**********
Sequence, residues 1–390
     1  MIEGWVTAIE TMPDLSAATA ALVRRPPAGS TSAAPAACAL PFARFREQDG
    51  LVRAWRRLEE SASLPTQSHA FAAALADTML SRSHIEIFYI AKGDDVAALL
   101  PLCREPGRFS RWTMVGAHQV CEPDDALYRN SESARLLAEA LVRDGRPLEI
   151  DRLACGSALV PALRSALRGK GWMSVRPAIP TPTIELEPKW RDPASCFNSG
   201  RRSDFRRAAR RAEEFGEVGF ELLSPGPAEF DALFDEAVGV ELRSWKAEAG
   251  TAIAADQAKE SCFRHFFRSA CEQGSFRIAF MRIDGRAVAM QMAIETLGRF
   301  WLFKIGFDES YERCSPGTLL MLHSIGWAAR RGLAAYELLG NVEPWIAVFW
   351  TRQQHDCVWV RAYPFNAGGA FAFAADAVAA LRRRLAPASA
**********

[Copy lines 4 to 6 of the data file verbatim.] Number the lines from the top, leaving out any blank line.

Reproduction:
   101  PLCREPGRFS RWTMVGAHQV CEPDDALYRN SESARLLAEA LVRDGRPLEI
   151  DRLACGSALV PALRSALRGK GWMSVRPAIP TPTIELEPKW RDPASCFNSG
   201  RRSDFRRAAR RAEEFGEVGF ELLSPGPAEF DALFDEAVGV ELRSWKAEAG